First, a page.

A dull offseason got much more interesting in the last couple of days, first with the Angels’ signing of Shohei Ohtani, and then with the Yankees’ acquisition of Giancarlo Stanton. On Saturday’s installment of FanRag Fantasy Baseball, Jon Heyman reviewed these moves and provided some insight into what appeared to be last-minute changes of heart for both players. He also previewed the Winter Meetings, which are set to begin on Monday in Orlando.
I was also joined by The Athletic‘s Emily Waldon to discuss the Rule 5 draft, which will be held at the Winter Meetings on Thursday. She focused specifically on the Tigers, who hold the No. 1 pick, should they clear a spot on their 40-man roster in time for the draft.
You can check out the entire episode right here.
There were a few other recent items of note to discuss, including the Cubs’ three-year, $38 million signing of Tyler Chatwood. The former Rockie entered the free agent market with some buzz, as he had an enormous spike in his fastball velocity this past season, as well as an elite-level spin rate on his fastball and curve. Regarding the former, no pitcher who had thrown at least 120 innings in both 2016 and 2017 had a larger increase in fastball velocity than Chatwood. The graphic below shows how Chatwood’s increase (marked in green) sizes up against the rest of the field.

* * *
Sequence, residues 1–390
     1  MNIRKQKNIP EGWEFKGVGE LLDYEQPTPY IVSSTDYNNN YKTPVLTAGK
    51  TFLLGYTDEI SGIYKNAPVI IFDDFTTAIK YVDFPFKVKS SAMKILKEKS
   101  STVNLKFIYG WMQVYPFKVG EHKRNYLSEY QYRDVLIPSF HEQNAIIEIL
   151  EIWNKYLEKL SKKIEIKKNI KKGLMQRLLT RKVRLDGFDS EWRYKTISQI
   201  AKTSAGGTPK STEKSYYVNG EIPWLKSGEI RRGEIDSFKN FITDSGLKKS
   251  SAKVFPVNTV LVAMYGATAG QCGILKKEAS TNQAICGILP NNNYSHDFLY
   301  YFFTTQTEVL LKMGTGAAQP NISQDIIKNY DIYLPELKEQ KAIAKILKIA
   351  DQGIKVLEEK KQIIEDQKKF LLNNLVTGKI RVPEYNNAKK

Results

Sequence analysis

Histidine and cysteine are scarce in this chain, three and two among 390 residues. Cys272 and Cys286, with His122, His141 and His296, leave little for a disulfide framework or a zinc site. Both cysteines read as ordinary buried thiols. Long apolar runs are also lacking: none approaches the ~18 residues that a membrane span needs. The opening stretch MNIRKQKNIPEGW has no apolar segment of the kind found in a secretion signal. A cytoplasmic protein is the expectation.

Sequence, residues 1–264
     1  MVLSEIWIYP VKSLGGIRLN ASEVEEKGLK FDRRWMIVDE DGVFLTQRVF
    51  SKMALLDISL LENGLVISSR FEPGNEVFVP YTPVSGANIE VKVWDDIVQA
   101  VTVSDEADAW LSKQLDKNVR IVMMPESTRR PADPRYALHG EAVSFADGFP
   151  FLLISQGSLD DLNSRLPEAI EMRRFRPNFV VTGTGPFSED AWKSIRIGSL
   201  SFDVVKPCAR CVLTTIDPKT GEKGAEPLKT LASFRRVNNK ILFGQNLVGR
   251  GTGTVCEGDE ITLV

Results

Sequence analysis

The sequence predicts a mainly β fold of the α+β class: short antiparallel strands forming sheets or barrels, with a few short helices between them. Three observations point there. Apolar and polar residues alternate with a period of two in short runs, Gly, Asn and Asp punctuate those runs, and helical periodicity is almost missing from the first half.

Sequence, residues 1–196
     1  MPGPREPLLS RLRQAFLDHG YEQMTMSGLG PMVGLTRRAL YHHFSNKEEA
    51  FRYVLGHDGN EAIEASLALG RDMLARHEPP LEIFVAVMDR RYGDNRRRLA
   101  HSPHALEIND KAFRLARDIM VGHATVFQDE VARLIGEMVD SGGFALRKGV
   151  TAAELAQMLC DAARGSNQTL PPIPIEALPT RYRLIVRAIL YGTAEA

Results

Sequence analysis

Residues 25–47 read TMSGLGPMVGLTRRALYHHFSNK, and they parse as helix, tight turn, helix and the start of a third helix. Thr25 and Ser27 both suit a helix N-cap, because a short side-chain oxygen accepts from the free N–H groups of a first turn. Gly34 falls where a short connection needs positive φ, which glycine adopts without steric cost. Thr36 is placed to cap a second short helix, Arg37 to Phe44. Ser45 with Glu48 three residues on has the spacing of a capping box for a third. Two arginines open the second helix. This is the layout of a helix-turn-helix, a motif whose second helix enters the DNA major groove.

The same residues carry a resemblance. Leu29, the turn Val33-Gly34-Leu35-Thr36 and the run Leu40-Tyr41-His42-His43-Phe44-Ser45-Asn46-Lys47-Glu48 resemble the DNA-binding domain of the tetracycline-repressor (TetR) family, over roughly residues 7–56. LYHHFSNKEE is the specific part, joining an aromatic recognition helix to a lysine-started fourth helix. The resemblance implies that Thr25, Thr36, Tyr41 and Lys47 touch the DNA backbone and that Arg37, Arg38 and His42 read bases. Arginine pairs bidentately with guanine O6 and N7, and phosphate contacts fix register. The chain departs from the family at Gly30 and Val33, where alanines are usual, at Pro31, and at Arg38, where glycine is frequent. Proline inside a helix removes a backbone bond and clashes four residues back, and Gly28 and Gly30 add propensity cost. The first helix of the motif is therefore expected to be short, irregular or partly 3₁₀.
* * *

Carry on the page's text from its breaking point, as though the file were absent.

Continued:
NOTE: Click on the full screen icon in the lower-right corner of the graphic for a more detailed look.
While Chatwood’s increased velocity coincided with a jump in his strikeout rate, he was hardly a standout in that regard with a 19.0 percent mark. His contact rate fell dramatically from 82.4 to 77.2 percent, but his Zone% fell from 44.0 to 41.1 percent, so he induced called strikes at a lower rate. Still, Chatwood’s 3.49 road ERA from this season bodes well for the move to Wrigley Field, and if he can throw more strikes and freeze more batters, he could further increase his strikeout rate.
Yet it’s the pitcher at the other end of the graph that caught my eye. Chatwood’s new teammate, Kyle Hendricks (marked in red), along with Danny Duffy, had the two largest decreases in fastball velocity. Possibly as a result, the Cubs’ righty had a modest decrease in his strikeout rate. Yet, his fastball velocity rebounded in September and October after a midseason trough. That late-season spike put him back in line with his 2016 velocity trends.
Over his final five regular season starts, Hendricks posted a 23.6 percent K-rate and a 19.5 percent K-BB%, and in the postseason, those marks were 25.0 percent and 18.1 percent, respectively. It may have taken him awhile to find his form after a midseason bout with tendinitis in his pitching hand. Barring any offseason health issues, Hendricks could be an underrated source of strikeouts on Draft Day.
Statistical credits: All data are from FanGraphs, except for monthly pitch velocity data, which are from Brooks Baseball.